aximilian the First, archduke of the Habsburg dynasty of Europe, and
the emperor of Mexico, stood on the Hill of Bells outside
of Querétaro on the morning of 19 June 1867 and awaited his execution. He
had arrived to rule Mexico as emperor at the behest of Mexican Conserva-
tives disgusted with Liberal rule after their defeat in civil war and with the
backing of an imperialist- minded French monarchy and its invading army.
The elected republican government of Benito Juárez resisted the invasion in
a long and bloody war that lasted until Maximilian’s capture in 1867, after
the French had withdrawn. Maximilian faced his death with the bravery,
compassion, and complete political arrogance that his European aristocratic
background had engendered. While in life he had often seemed to lack even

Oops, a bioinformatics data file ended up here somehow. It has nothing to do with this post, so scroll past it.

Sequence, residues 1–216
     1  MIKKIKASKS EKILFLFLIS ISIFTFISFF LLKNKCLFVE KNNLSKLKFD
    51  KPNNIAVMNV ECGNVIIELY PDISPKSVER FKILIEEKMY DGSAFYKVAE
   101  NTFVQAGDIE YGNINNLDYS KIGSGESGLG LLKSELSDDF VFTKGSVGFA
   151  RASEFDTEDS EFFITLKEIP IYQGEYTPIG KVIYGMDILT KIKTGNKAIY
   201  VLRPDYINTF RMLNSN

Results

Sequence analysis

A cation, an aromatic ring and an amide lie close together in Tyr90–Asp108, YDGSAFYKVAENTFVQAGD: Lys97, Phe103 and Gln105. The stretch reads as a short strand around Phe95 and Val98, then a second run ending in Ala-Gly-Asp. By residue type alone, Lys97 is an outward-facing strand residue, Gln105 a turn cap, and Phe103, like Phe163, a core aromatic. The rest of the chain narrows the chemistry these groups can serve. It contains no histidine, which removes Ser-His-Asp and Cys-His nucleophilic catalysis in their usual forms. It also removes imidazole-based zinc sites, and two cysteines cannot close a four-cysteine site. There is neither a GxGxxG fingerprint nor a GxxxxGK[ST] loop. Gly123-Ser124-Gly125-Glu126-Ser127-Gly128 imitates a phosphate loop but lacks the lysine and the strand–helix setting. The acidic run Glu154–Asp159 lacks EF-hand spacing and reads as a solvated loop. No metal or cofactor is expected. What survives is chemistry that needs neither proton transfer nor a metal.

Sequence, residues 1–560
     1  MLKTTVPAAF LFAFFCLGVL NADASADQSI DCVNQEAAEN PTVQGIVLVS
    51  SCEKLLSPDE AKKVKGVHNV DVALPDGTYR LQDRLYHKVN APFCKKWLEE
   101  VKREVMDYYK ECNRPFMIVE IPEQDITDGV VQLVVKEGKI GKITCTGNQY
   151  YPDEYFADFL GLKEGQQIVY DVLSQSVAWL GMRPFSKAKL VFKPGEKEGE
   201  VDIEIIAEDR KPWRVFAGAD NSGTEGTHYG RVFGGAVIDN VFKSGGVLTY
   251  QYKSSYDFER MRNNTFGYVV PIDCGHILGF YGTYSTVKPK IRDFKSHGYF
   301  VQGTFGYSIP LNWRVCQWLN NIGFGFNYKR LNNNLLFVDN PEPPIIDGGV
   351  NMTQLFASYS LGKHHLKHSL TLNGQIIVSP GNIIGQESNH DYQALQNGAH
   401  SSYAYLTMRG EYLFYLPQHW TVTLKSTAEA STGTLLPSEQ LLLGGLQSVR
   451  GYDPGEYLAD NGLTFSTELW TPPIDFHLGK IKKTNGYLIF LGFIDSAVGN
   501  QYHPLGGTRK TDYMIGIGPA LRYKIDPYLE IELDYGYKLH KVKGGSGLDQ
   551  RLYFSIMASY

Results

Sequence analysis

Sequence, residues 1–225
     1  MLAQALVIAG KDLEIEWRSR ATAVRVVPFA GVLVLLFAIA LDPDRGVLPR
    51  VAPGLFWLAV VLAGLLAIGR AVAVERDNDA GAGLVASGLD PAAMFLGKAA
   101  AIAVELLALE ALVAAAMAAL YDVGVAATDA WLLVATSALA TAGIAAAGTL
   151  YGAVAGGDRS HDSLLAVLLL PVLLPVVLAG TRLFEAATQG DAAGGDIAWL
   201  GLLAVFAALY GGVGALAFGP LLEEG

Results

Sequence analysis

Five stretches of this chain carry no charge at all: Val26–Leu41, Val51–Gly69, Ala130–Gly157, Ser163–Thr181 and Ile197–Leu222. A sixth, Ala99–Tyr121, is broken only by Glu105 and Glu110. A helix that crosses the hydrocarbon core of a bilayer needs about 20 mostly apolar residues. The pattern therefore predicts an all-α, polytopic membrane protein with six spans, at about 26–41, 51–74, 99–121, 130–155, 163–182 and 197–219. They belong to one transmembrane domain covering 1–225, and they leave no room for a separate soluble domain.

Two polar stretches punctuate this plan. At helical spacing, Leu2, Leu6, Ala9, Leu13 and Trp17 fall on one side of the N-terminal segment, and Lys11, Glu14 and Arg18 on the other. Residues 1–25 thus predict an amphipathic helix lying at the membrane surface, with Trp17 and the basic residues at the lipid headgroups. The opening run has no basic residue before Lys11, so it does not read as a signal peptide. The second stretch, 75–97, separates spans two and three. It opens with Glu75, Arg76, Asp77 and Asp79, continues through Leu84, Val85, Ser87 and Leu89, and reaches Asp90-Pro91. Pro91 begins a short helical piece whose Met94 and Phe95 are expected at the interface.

basic comprehension of the Mexican political arena, perhaps facing a fir-
ing squad focused his mind on his 1864 arrival in Mexico. He had come,
he claimed, to bring “the fruits of civilization and true progress.” He had
brought with him from Europe “the Civilizing banner of France,” and his
enthronement was to lead to “the rebirth of order and Peace.”1 Maximilian’s
understanding of his mission fits well with scholars’ understanding of mo-
dernity, civilization, and progress as arising first in Europe and later being
transported to an unruly and backward Latin America.
Yet, whatever thoughts were in Maximilian’s head, they were soon extin-
Querétaro, Mexico, 1867
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